5: A viewfinder. This is important since taking pictures outdoors can be difficult in bright sunlight when viewing the image on the LCD. The LCD maybe find for viewing the shot later but may not be suitable during the picture taking process. The image to be taken displayed on the LCD disply is always changing and this changing image may not display as well as a still image already stored in the camera. A separate viewfinder is a must have in my opinion.
6: Easy access to the settings and on screen menu options like ISO, white balance, and the date and time settings.
7: A flash located in a position that does not interfere with your camera holding position. An action shot or a group shot can be easily ruined if the flash is blocked by your fingers when it goes off. The image will turn out too dark and you may not be able to recover that shot using photo editing software afterwards.
8: Built in memory. I hate it when I leave the house in a hurry and forget to check that the camera has the memory card inside. At least the cameras I have right now have the ability to take about 10 pictures using the internal memory. If the camera you purchase relies totally on an external memory card, you will not be able to take any pictures at all without a memory card.
9: Get a camera that uses a SD memory card. This will allow you to take advanatge of low cost SD memory cards plus have access to a Wi-Fi memory card from www.eye.fi that allows you to wirelessly transfer the images from your camera to your PC.
10: Camera that uses AA rechargeable batteries. These are inexpensive and easy to replace specially when on vacation with regular batteries in an emergency.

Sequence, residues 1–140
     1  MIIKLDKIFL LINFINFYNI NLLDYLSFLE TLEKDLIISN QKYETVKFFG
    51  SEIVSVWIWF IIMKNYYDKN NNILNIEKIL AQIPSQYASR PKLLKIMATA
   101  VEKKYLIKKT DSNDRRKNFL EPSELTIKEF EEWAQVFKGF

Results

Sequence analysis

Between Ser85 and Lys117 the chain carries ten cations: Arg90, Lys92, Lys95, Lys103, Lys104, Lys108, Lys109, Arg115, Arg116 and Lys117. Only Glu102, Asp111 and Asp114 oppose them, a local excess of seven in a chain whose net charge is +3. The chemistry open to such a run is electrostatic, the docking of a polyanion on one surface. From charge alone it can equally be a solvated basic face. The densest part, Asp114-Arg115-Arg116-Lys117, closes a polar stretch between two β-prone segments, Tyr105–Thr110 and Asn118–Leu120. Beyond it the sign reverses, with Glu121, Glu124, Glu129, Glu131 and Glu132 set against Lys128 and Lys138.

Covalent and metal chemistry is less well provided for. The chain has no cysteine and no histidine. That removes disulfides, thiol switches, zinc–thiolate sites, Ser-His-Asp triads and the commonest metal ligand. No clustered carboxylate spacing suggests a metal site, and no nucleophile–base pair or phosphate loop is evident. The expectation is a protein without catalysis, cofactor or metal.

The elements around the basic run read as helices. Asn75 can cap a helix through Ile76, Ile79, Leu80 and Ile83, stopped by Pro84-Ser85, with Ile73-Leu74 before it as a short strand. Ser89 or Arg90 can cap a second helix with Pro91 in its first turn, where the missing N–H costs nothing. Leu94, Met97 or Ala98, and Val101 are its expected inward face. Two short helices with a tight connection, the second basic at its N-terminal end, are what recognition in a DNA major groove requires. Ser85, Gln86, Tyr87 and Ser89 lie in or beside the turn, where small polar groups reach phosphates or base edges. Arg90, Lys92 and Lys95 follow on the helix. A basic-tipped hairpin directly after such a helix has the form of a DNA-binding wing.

11: Camera should have a flat surface on the left or right side which will allow you to stand the camera on its side if necessary when taking an automated picture. Sometimes you will be in a situation where you would like everyone in the photo and standing the camera on its side might be the best orientation for the shot.
12: This is not a common feature but if you can find one with a lens adapter for filters, I would highly recommend it. Immediately invest in a polarized filter. This will help cut the glare off of taking pictures outdoors in bright sunlight.
The Rule of Thirds
If you have not heard of the “rule of thirds”, this is the time to pay close attention. The rule of thirds is a very old photo taking rule that really helps to create interesting compositions. In simple terms, the total imaging area is divided into sections using 2 evenly spaced virtual horizontal and vertical lines. By placing the main subject of the image where the lines intersect (one of four positions), the subject will be off centre and in a more dynamic and interesting location. HERE is one online tutorial on the “rule of thirds”. A simple search using “camera rule of thirds” as your Google search term will bring up many others. This is something to use always when taking pictures. You will truly appreciate how much better your pictures will turn out by applying this simple rule.